Regina and I parted ways at graduation and lost touch. Then, a few years ago, our former youth minister emailed me with news about Regina. She had just taken her final vows as a cloistered Carmelite nun.
These days, if I pass by a pierced, dyed, and tattooed teen, I can smile and remember the lesson Regina taught me: don’t judge. Holiness comes in many forms.
“He has gone to stay at the house of a sinner.” —Luke 19:7
It was Friday, September 14, 2001. The world that my friends and I lived in had been rocked to the core by the events three days prior. We met that night in somber tones, and what would have been a party in other circumstances was now a restless gathering of frightened souls.
“Tommy” was one of people in the group I’d known the longest. His humor was crass, his language foul, and he drank too much. But he respected my faith, and once even told me that he wanted the peace that I had found. That peace had a name: Jesus.
As the usually rowdy group seemed lost that night, a feeling grew within me. I wanted—needed—to ask them to pray with me. It was a request I had never made before; these were friends I’d had long before my conversion, and they were not a praying-together clan. But the inclination grew so strong that I had to heed it, and when I asked the group if we could pray together, no one said no.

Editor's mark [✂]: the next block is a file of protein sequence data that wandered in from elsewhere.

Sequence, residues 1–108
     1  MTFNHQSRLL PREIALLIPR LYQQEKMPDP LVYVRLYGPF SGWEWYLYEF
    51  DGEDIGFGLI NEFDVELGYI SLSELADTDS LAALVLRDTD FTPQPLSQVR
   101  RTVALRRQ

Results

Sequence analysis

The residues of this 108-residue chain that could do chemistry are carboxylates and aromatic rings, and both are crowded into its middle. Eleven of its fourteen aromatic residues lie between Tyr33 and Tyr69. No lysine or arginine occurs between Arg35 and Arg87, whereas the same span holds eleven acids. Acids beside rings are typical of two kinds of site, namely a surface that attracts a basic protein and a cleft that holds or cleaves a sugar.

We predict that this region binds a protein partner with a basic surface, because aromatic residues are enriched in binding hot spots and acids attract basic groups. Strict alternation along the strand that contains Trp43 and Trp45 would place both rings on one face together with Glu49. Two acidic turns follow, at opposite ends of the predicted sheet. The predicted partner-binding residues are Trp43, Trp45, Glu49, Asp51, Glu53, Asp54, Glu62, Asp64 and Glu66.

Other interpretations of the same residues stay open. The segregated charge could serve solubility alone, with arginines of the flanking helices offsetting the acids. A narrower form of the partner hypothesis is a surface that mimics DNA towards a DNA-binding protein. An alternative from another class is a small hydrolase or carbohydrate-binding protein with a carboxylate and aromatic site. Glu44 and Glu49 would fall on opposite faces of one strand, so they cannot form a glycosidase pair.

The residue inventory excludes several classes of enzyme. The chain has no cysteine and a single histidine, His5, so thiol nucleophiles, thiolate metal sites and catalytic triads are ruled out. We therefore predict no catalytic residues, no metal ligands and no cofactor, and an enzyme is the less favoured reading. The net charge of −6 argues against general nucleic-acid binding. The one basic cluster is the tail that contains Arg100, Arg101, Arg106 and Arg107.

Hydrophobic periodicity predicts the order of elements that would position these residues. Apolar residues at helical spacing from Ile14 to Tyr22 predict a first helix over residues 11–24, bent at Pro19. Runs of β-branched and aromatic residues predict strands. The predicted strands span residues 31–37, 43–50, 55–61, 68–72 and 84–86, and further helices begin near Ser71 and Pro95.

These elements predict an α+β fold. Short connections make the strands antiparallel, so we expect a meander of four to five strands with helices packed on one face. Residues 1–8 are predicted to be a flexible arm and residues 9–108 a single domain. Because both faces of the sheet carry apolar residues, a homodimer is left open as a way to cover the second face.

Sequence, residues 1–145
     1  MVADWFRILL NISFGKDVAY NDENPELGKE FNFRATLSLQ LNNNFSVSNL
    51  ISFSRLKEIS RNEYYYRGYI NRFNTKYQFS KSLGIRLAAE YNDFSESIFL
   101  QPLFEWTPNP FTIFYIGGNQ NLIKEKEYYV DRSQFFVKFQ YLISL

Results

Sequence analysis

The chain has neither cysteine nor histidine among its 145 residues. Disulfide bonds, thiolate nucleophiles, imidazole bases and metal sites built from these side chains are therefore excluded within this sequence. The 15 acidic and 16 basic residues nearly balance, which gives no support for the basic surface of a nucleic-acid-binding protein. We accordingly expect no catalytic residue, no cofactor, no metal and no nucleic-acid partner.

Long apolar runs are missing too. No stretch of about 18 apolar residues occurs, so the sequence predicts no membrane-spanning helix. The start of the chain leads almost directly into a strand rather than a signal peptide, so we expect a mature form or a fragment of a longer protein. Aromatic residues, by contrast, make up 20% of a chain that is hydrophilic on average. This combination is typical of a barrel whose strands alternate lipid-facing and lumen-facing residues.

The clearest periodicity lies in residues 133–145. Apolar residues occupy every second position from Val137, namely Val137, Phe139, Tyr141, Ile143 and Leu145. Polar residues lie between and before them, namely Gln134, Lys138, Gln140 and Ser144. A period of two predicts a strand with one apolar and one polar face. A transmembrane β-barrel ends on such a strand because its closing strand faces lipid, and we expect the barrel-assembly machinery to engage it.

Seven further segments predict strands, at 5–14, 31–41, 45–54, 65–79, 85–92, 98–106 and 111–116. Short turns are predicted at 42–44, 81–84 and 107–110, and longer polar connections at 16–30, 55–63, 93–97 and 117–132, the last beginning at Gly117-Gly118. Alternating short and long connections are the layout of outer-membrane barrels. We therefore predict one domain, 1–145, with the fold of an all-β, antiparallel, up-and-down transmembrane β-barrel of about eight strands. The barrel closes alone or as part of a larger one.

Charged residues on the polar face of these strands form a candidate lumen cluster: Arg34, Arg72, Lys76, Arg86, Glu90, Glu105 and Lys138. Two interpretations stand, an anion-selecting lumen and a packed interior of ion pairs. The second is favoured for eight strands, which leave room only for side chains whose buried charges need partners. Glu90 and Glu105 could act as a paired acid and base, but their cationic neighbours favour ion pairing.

Shakily, I began to lead the prayer, only to be loudly interrupted by a guy named Bill shouting to someone across the room, not realizing that the rest of us were praying.
I barely had time to blink before Tommy stepped in. “Bill!” he yelled indignantly. “Shut up, dude! We’re prayin’!” I wish I could say Tommy didn’t use expletives in his directive, but I’m not sure he knew how to speak forcefully without them.
Bill apologized sheepishly, we finished the prayer, and people popped open beer cans. The moment was over, but for me, the memory lasted. What resonated with me long after that night was not the awkwardness of praying with a group of people who usually stuck to just drinking beer, nor the disparity between the heartfelt prayer and the foul language that interrupted it. No, the thing that remained with me was Tommy, trying, in the only way he knew how, to defend the prayer we were saying. Somewhere beneath his gruff behavior was a person who wanted to protect the prayer—the peace—the Jesus—that he had never known.
“Therefore do not pronounce judgment before the time, before the Lord comes, who will bring to light the things now hidden in darkness and will disclose the purposes of the heart. Then every man will receive his commendation from God.” —1 Corinthians 4:5
There’s no avoiding it; we all live in darkness. The darkness of poverty, of rebellion, of addiction, yes. But also the darkness that veils “things now hidden” and makes us blind to the truth about others. Sometimes we catch glimpses, on earth, of those hidden things—of holiness shining out of darkness, in people like the thrift shop man, Regina, and Tommy—and those glimpses are hints of this promise: one glorious day, a greater Light will dispel the darkness once and for all.
That’s the day, I think, when we will get those 3-D glasses, and where we once saw poverty, and rebel-lion, and addiction, we will recognize the beautiful face of the Risen Christ.